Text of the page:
11. Payment method
Flexible circuit board producers currently charge between 5 and 10% more or less for their products, depending on how they are paid. Prices change as a result of this.
12. Different regions cause price diversity
Prices in China typically rise as one travels from the south to the north. There are certainly regional variations, which lead to pricing diversification. Therefore, geographic variances influence pricing differentiation.
Additionally, choosing a Chinese or foreign flexible PCB manufacturer will cost differently. China produces a sizable number of flexible circuit boards each year and has accumulated extensive production experience thanks to its well-developed infrastructure and industrial chain. In comparison to other places throughout the world, it produces flexible PCBs at a cost-effective rate while maintaining good quality.
13. Different plating methods
Partial electroplating incurs a cost approximately 15 percent higher than full electroplating.
14. Surface finish
A cost disparity of around 5 percent exists between the gold-plating process for the gold finger and the tin-plating process.
The quantity of flexible PCBs in an order has a significant impact on the overall cost. For larger or bulk orders, flexible PCB manufacturers typically provide discounts or reduced rates.
16. Lead Time
Expedited costs increase as the urgency of the production task increases.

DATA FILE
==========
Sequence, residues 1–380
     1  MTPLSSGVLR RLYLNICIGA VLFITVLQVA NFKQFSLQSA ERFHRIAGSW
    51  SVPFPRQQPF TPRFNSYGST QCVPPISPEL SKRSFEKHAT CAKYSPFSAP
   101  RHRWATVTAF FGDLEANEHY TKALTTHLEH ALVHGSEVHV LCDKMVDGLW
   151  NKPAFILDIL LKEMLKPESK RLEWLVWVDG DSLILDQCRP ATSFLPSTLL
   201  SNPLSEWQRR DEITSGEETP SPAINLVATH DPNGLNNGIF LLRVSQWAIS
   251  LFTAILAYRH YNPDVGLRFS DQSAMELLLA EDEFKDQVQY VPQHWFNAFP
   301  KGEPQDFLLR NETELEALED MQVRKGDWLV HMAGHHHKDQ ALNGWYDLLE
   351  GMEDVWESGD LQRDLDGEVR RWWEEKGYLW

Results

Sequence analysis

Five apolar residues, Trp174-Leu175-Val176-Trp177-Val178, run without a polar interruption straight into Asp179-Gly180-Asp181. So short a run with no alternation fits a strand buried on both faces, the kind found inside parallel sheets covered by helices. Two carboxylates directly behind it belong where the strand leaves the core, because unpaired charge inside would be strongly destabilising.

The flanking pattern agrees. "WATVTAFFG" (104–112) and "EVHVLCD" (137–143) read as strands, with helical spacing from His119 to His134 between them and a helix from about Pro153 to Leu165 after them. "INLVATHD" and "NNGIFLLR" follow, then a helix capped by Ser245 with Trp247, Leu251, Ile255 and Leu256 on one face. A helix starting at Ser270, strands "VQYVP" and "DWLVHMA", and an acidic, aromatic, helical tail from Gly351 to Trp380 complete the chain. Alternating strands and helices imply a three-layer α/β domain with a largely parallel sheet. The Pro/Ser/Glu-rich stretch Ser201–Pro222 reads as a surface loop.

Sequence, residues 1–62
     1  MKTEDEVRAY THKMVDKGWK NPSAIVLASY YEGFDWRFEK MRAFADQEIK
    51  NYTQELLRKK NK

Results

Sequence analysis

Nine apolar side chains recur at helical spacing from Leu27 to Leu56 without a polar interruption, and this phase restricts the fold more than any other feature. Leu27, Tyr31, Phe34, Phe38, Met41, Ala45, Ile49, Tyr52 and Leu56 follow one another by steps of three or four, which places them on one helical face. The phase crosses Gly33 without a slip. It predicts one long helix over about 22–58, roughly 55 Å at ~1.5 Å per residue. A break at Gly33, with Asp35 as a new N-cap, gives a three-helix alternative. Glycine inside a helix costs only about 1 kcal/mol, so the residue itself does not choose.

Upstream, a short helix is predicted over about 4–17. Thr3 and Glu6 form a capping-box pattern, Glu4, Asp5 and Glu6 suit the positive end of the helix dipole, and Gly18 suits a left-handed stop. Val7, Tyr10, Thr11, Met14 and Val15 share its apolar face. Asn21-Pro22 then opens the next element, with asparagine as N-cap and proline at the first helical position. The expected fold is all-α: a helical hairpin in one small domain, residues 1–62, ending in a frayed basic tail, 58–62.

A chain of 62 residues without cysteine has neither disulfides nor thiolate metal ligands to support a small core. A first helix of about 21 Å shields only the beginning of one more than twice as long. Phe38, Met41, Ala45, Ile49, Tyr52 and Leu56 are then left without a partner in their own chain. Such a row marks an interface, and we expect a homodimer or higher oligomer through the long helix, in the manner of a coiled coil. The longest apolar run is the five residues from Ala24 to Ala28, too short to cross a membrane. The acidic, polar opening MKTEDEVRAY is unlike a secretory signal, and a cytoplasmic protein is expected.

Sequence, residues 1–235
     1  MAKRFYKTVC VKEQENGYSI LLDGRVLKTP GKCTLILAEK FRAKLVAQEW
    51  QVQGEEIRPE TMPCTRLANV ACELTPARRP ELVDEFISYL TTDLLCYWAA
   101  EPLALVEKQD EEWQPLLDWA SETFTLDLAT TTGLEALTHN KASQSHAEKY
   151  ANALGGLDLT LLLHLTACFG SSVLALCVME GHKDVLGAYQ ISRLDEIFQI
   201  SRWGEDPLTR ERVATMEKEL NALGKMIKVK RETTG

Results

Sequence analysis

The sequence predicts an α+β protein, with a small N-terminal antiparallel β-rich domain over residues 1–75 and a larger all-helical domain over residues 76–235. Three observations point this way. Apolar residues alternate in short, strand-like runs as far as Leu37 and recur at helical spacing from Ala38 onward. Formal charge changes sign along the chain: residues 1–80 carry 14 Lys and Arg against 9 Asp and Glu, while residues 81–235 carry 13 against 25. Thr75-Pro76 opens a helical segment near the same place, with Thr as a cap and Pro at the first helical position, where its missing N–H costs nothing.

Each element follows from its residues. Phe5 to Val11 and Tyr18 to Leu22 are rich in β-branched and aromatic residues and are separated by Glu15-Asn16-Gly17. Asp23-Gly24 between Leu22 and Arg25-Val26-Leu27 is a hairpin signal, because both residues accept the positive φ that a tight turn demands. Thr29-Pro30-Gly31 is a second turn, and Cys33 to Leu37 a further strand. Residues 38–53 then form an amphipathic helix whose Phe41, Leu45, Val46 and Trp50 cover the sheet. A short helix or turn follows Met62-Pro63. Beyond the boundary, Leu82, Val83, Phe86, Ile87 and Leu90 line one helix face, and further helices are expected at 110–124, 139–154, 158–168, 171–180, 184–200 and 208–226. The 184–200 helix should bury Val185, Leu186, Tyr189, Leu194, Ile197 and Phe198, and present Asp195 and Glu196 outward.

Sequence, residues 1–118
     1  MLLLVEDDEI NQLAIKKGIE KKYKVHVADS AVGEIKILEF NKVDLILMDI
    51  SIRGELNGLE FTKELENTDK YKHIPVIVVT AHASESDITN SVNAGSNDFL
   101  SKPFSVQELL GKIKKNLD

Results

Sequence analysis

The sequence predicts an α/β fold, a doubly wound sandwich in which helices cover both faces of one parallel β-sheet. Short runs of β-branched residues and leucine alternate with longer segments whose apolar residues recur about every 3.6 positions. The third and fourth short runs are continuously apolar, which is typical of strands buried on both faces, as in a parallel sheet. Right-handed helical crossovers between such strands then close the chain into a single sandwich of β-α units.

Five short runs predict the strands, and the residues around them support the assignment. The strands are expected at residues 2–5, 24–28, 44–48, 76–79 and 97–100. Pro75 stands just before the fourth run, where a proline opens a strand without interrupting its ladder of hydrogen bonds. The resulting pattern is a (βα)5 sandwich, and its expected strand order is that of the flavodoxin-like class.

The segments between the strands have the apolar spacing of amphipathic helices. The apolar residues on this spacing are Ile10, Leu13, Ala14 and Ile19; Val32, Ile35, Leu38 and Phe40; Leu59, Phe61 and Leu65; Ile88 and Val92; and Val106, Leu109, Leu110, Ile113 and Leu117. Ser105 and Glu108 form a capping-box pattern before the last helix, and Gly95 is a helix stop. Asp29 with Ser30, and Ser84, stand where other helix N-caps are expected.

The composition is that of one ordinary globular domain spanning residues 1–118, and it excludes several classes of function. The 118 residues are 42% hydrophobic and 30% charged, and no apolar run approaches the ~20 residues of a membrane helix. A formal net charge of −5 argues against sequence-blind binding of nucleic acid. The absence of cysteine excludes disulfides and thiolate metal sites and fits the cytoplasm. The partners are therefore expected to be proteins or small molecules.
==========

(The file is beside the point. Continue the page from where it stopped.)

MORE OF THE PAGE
Tips to Reduce the FPC Cost
It is clear from the analysis of the flexible PCB pricing structure that a variety of elements, including the quantity, size, line width & spacing, board thickness, copper thickness, reinforcing materials, and production methods (such as drilling, gold fingers, and surface finish), affect the cost of the boards. You can take into account the following ideas to lower the cost of flexible PCBs:
- Avoid using multilayer flexible PCBs when not necessary.
- Larger orders tend to have lower costs.
- Avoid small minimum apertures.
- Immersion Gold is recommended as the surface finish for flexible PCBs.
- There are two options for gold finger surface finishes hard gold and sinking gold. Hard gold is more expensive.
- Plan production ahead of time. Urgent orders come at a higher price.
- Use manufacturability design checks, optimize your design, comprehend the qualities and requirements of your materials, employ suitable drilling procedures, and change line width and spacing.
- Reduce the quantity of blind & buried holes because they are more complicated, take longer to process, and produce less. The overall cost can be decreased by reducing the number of holes.
- Enhance panel utilization for reduced overall manufacturing cost.